performances
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sound recordings
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can be live or “fixed”
music, drama,
lectures, spokenword, ocean waves
communications /
broadcasts

radio and television
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Some Other Types of Works
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collective works
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distinct parts by different authors
compilations
gathering of material from a variety of
sources
 new media projects, databases

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Protected Rights
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economic rights
moral rights
neighbouring rights
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Economic Rights
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author/creator is the first owner of copyright
duration
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“general rule”- life of author +50 years (=public
domain)
copyright can be held by or transferred to
others
rights include: reproduction, public
performance, publication, adaptation,
translation, telecommunication to public,
prohibit importation, right of authorization
rights of reproduction

”substantial part” of work
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Moral Rights
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paternity
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integrity
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prevent work being used in conjunction with a
cause or business
duration
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prevent changes to work and reputation
association
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claim authorship; remain anonymous; use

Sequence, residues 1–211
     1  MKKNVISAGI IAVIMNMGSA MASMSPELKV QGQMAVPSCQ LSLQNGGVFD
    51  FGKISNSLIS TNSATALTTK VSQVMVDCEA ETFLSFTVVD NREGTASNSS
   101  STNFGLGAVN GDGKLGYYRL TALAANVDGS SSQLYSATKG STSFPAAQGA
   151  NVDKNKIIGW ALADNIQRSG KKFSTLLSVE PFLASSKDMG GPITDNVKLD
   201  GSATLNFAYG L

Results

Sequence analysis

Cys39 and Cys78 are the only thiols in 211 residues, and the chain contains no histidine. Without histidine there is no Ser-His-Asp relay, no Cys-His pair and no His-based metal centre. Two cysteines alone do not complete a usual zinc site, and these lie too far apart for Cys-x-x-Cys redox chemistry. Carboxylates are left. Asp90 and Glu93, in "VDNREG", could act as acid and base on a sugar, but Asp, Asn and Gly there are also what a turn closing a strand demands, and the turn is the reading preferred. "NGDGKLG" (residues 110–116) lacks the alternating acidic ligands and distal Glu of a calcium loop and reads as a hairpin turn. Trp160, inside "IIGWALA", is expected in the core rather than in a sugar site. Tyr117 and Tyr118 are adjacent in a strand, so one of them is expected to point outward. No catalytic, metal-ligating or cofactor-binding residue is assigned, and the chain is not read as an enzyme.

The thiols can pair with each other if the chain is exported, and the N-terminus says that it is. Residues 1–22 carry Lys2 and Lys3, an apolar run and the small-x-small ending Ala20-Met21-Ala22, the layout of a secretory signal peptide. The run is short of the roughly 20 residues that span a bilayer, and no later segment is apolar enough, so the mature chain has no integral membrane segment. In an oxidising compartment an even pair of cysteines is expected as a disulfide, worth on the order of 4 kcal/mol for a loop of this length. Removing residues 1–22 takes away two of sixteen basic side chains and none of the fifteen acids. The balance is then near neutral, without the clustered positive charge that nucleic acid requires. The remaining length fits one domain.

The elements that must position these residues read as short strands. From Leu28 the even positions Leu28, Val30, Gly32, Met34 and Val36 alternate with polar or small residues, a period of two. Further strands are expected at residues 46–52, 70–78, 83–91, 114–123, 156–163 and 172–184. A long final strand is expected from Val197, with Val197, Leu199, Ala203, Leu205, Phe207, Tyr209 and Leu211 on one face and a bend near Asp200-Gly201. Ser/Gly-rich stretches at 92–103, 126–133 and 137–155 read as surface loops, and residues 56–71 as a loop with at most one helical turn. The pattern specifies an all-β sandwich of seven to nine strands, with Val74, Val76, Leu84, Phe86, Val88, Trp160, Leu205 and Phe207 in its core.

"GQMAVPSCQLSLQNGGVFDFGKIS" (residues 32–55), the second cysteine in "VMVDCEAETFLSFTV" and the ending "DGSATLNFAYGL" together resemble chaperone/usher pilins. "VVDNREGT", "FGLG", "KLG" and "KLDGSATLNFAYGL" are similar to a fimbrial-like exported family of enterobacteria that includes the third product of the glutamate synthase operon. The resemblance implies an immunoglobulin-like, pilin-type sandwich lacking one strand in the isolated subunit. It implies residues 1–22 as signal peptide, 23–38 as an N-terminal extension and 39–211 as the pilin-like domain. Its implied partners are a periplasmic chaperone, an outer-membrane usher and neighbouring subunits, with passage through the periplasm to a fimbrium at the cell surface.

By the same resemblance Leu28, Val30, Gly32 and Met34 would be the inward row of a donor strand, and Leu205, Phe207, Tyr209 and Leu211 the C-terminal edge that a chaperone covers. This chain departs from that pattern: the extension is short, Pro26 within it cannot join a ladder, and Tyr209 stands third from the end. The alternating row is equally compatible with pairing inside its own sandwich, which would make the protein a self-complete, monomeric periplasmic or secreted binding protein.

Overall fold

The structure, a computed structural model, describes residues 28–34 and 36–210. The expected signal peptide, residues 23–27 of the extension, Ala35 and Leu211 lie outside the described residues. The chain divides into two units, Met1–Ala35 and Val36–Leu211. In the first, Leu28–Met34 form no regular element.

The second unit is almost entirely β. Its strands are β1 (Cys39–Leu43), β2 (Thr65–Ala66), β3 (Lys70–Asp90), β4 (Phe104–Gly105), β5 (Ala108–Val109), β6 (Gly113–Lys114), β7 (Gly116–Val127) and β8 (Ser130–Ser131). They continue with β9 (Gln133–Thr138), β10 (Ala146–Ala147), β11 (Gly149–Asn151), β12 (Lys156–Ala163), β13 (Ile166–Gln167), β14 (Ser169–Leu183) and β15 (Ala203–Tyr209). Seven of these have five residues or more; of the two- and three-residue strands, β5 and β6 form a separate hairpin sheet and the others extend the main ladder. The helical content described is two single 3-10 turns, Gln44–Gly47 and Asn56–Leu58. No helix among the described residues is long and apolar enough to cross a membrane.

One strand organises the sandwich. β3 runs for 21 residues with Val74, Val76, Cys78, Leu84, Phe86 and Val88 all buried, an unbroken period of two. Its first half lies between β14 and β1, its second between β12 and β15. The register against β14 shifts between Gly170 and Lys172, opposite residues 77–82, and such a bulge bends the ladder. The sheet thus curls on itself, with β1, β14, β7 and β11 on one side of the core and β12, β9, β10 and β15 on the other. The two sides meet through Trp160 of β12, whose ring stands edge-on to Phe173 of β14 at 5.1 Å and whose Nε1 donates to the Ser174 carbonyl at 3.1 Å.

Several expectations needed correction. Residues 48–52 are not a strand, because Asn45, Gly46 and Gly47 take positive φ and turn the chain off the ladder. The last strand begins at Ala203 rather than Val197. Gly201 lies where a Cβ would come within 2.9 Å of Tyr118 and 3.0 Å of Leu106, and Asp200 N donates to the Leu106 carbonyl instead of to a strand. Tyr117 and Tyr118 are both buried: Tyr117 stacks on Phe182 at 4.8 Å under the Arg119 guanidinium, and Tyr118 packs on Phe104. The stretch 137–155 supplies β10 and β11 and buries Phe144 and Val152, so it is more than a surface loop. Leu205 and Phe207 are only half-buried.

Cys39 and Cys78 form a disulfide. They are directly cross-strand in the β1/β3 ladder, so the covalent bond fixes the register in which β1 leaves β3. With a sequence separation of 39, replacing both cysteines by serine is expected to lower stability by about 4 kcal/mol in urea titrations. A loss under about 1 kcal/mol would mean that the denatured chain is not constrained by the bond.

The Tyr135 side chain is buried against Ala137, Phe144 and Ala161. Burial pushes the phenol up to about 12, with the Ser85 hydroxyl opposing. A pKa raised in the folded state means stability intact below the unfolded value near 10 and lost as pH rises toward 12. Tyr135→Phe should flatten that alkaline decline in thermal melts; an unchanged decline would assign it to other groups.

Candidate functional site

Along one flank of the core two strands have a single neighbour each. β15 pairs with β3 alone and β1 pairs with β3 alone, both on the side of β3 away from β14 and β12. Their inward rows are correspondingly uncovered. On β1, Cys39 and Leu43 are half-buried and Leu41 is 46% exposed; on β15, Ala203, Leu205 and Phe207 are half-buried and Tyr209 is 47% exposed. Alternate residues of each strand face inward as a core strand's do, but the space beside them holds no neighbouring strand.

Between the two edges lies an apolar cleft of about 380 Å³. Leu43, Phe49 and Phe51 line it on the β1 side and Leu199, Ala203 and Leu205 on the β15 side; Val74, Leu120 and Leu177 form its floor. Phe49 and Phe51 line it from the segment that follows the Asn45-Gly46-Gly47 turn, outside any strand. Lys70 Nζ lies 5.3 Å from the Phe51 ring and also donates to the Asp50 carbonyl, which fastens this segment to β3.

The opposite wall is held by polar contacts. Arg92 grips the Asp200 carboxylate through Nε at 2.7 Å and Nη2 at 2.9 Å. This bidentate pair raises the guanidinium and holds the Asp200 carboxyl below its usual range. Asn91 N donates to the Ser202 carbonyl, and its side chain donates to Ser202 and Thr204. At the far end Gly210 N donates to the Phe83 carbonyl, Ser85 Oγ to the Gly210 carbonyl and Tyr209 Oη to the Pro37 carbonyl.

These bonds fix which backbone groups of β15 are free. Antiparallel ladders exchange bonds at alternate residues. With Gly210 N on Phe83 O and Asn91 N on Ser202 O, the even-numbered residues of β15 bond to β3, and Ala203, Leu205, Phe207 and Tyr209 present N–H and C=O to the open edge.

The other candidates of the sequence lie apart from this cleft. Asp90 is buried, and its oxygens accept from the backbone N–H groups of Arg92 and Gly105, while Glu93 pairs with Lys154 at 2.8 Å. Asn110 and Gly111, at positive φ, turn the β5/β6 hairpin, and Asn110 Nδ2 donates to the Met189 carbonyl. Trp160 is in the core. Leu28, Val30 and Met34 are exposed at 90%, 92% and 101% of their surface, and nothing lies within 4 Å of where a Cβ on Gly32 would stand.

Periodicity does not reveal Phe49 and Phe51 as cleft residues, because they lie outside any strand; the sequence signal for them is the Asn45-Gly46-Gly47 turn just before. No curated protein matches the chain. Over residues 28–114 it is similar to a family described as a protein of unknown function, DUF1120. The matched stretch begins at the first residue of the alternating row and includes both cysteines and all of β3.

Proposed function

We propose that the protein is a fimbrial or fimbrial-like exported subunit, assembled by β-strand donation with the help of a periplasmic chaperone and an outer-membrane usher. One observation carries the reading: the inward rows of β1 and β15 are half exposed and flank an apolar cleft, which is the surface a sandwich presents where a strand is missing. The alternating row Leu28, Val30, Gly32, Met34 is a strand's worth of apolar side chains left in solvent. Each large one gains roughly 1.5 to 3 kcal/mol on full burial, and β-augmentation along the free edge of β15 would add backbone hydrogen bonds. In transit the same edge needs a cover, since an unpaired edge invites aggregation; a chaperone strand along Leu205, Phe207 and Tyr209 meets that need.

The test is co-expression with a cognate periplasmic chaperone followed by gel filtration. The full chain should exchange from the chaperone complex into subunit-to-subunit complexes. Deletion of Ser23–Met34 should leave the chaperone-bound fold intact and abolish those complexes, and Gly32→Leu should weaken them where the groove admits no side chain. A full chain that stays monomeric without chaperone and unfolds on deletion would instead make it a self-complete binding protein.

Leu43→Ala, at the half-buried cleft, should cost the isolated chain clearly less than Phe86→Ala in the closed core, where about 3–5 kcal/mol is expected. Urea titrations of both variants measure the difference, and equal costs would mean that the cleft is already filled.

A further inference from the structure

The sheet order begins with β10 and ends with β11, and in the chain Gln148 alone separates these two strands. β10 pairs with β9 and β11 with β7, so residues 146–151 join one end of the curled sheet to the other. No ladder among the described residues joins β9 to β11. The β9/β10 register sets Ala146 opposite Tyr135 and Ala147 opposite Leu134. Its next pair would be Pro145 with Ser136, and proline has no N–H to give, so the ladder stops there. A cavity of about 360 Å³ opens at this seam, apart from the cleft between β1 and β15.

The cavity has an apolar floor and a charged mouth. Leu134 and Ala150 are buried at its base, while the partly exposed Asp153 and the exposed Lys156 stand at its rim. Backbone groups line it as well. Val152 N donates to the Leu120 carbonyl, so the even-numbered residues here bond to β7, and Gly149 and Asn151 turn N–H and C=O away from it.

pseudonym
life of author +50 years… and beyond – passes to
heirs, even if not inherit copyright
can’t sell or transfer
can be waived in Canada
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Neighbouring Rights
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rights of performers and producers
of sound recordings (and
broadcasters)
control reproduction and rebroadcasting
duration

50 years following first “fixation” or
broadcast
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Layering of Rights
examples
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newspapers
photo of an piece
of art
1945 sound
recording
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Duration of copyright
general rule
 life of author + 50 years = public
domain
 from end of calendar year of death,
to end of the 50th year -- January
1st XXXX
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Except in the case of…
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Except in the case of…
photographs
author is owner of negative or plate not
necessarily photographer
author as a corporation

remainder of calendar year from point
negative / plate made +50 years
 commission photograph
copyright belongs to the person who
commissioned work – provided they paid
general rule applies
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Except in the case of…
employees
 work created by an employee in
course of work then employer owns
copyright

+50 years from time of creation
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Except in the case of…
unknown authors/creators
 remainder of the calendar from time
of publication +50 years
 remainder of calendar year from
time of making +75 years
 which ever term ends first
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Except in the case of…
personal/ home movies
 prior to January 1, 1994 author is the
owner of the negative or video at time it